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Dispatcher recognized with Life Saving Award

Second award in nine months for Lovell.
Richard Hanners

Blue Mountain Eagle

Published on October 9, 2018 5:03PM

John Day Mayor Ron Lundbom presents 911 dispatcher Savannah Lovell with a lifesaving award during the Sept. 25 city council meeting.

The Eagle/Richard Hanners

John Day Mayor Ron Lundbom presents 911 dispatcher Savannah Lovell with a lifesaving award during the Sept. 25 city council meeting.

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Emergency dispatcher Savannah Lovell recently was recognized by John Day with a Life Saving Award for her work during an apartment fire in Prairie City in November 2017.

The Eagle/Richard Hanners

Emergency dispatcher Savannah Lovell recently was recognized by John Day with a Life Saving Award for her work during an apartment fire in Prairie City in November 2017.

Buy this photo

For the second time in nine months, 911 dispatcher Savannah Lovell was recognized by the city of John Day for her professional handling of an emergency call to the John Day Emergency Communications Center.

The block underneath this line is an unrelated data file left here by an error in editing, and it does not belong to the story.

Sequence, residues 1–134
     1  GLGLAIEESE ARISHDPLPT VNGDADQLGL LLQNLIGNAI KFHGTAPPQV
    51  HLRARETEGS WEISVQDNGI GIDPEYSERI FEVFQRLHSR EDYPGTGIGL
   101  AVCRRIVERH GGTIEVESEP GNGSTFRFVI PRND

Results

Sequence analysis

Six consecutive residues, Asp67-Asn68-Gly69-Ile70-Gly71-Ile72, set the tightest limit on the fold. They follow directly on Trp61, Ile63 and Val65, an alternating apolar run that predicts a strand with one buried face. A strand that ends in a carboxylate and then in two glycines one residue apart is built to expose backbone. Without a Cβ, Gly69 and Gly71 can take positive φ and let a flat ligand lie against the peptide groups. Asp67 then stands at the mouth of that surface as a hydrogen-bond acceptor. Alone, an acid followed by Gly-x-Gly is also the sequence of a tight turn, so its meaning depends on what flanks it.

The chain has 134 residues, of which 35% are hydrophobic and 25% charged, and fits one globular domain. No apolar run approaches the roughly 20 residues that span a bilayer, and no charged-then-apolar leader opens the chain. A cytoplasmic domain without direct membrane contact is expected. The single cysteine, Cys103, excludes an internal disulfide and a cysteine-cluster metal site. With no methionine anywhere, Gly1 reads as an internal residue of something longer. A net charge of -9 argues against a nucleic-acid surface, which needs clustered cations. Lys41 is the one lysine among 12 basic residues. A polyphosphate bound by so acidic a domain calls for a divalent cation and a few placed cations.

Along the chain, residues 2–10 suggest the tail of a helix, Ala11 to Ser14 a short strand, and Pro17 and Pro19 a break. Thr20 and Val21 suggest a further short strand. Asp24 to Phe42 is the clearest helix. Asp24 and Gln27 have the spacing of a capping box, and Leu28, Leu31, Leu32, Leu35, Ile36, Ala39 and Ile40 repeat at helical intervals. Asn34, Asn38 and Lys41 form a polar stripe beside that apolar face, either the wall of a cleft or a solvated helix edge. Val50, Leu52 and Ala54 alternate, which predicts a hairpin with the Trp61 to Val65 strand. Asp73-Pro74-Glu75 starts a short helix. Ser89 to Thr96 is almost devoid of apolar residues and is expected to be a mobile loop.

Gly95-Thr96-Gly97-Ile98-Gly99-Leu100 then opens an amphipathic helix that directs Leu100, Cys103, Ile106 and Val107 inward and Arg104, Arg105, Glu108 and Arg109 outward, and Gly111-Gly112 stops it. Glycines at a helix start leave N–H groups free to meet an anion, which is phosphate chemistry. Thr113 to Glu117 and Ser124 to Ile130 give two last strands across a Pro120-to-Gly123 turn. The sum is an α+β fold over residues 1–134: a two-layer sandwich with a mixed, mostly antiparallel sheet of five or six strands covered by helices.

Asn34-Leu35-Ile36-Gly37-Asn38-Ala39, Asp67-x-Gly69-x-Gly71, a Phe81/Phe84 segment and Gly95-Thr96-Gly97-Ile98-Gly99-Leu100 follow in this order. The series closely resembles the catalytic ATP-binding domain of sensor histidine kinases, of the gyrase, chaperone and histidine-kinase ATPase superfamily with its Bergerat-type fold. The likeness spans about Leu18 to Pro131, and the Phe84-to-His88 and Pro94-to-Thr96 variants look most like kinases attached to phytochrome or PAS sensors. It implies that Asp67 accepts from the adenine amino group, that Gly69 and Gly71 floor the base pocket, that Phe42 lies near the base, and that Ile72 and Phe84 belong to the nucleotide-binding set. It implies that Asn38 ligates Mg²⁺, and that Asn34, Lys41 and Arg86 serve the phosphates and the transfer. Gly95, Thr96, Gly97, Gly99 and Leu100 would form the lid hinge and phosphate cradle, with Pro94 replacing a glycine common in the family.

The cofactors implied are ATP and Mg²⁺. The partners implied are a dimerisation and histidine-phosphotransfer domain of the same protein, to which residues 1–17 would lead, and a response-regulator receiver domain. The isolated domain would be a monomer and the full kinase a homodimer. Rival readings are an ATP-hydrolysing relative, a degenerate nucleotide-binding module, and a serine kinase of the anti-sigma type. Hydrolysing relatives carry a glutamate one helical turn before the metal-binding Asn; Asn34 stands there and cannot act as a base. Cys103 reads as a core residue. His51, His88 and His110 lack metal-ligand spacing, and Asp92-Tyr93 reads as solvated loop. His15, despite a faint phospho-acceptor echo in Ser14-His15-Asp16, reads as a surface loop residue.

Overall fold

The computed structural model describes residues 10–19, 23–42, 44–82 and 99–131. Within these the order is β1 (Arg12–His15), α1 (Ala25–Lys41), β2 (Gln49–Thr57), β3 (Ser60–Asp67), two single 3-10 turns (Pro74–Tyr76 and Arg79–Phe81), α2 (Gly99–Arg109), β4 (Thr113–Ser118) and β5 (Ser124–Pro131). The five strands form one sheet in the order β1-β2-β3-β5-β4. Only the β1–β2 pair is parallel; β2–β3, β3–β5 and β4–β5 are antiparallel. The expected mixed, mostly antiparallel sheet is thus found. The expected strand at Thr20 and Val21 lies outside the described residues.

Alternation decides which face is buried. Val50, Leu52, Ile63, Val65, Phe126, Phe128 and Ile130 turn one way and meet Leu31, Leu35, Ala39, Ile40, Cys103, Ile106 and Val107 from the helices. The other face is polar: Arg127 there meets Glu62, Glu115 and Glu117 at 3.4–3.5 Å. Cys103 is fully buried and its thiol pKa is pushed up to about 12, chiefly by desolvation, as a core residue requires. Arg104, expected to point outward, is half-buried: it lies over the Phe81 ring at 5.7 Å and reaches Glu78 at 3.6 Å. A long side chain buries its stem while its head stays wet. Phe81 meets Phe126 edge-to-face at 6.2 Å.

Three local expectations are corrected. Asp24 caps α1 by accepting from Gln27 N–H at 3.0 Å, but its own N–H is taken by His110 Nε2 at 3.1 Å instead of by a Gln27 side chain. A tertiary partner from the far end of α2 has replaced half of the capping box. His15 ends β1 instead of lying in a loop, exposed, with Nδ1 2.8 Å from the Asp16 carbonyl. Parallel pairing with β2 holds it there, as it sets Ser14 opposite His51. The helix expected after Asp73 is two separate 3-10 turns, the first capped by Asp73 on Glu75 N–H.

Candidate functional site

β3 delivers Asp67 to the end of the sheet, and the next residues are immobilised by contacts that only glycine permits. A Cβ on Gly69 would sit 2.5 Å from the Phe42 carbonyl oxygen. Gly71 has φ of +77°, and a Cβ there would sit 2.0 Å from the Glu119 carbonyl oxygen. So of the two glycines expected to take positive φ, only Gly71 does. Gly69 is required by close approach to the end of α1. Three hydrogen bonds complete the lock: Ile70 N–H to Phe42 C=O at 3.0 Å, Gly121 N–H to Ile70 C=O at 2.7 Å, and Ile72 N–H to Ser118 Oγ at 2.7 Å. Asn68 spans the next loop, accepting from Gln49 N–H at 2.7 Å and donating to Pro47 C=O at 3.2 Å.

Last March, Mayor Ron Lundbom presented the Golden Stork Award to Lovell for providing assistance in the emergency delivery of a baby girl on Jan. 21.

The city recognized Lovell again Sept. 25 with a Life Saving Award for her “quick and professional performance in the line of duty” following a 911 call reporting a fire at the Strawberry Village Apartment complex in Prairie City.

“The emergency 911 call that Savannah answered would have been unintelligible to the untrained ear, as it was a hysterical caller screaming that there was a fire at a local apartment complex with babies still inside,” Dispatch Manager Valerie Maynard said in her award letter.

Two young girls died in the Nov. 30, 2017, fire, but four other members of the family were transported to Blue Mountain Hospital, and one was transported by air ambulance to another hospital.

“Although this was a tragic incident that emergency responders hope to never have to experience in their career, Savannah responded to this quickly and calmly, getting the appropriate responders on scene in the shortest time possible,” Maynard said. “Savannah’s actions during those early morning hours, when most are at home sleeping with their families, saved lives and homes on that day.”

Born and raised in Grant County, Lovell graduated from Grant Union High School. She left another job in 2015 to become a dispatcher.

“It’s more interesting than an office job,” she said.

Lovell said she’s looking forward to working in the new 911 dispatch center that will operate out of the John Day Fire Hall starting January 2019 after the Intergovernmental Council takes over management of emergency communications from the city.



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